Since you and PennyMac don’t know exactly when this particular hardship will end, we don’t know which long-term relief option will best fit your situation. Today, you won’t be expected to know how much you’ll be able to pay when your forbearance plan ends, or when you’ll be ready to resume regular payments. Rest assured, we’ll work with you toward the end of your plan to determine the best program for your situation. The missed payments during the forbearance plan will not be immediately due after your forbearance plan ends if you are unable to repay the full amount of those missed payments.”
In short, you could be putting your home at risk if at the end of the plan you can’t agree to whatever terms your bank places on you.
But, of course, you need to be able to get to your mortgage company and request aid—and not all automate the process like PennyMac. In addition, if you have questions or need help explaining your bank’s specific rules you may be in trouble. For example, I did try to call PennyMac, as I wanted to find out more about repayment terms, but never could get a customer service representative on the phone. When I tried to request such information late last week, I waited for hours on hold, only to be hung on by the PennyMac automated system on multiple occasions.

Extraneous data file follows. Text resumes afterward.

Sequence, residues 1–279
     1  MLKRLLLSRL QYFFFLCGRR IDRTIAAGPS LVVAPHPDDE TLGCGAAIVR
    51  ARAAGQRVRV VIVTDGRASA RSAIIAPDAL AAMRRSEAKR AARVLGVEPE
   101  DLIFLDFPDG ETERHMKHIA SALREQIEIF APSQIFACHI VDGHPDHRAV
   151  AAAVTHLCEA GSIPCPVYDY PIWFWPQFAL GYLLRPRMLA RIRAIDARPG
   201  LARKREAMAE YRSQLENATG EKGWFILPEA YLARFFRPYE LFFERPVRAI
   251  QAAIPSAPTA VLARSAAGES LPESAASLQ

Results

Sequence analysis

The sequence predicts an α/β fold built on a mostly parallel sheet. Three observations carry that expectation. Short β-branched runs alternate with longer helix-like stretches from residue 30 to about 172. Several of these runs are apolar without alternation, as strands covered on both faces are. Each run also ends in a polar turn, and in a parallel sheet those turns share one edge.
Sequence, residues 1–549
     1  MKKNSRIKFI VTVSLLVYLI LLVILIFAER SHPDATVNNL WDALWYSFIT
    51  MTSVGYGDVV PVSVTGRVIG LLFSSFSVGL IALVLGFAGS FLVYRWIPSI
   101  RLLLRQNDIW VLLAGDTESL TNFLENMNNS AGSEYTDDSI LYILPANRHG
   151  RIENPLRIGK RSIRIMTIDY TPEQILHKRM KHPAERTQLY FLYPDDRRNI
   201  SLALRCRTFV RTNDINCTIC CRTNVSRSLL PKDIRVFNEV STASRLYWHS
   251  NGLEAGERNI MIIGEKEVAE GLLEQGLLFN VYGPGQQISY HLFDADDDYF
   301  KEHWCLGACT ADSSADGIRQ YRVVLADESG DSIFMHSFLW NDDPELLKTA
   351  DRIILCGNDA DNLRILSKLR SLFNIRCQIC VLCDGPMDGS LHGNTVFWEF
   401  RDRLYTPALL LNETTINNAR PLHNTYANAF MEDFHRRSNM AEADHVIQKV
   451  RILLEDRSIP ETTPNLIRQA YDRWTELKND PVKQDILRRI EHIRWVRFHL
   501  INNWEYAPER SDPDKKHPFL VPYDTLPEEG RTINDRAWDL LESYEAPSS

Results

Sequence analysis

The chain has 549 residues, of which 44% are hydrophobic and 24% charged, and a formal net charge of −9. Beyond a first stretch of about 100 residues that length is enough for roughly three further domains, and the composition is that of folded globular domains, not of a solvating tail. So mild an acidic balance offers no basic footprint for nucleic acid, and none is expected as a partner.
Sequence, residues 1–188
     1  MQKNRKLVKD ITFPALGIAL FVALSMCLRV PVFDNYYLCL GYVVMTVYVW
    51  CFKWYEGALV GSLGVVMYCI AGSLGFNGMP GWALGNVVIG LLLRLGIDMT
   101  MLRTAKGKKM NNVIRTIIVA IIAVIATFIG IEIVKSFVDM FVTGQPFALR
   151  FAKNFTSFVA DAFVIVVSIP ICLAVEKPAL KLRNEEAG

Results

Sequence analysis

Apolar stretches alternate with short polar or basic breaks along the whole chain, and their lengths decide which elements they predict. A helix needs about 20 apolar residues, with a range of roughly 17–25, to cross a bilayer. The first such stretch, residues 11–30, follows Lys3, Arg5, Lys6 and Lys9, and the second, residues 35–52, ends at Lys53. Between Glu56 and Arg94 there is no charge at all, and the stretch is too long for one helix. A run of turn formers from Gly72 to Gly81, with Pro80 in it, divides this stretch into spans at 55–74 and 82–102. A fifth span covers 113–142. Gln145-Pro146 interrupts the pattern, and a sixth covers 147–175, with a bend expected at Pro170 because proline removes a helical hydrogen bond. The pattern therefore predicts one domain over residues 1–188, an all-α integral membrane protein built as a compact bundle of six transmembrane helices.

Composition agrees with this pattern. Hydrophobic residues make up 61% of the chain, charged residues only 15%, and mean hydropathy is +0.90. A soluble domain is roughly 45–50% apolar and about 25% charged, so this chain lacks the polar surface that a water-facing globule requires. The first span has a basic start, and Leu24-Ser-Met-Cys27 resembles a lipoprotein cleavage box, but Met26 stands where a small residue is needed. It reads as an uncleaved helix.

Combined with the fact that many who requesting aid either won’t be able to get it, won’t accept it because of the terms or might not be even able to get their bank’s attention to receive help, the table has been set for a mortgage meltdown that could make the Great Recession’s foreclosure crisis look small by comparison.
Harry J. Kazianis is a Senior Director at the Center for the National Interest and Executive Editor of its publishing arm, The National Interest. All views expressed in this article are his own.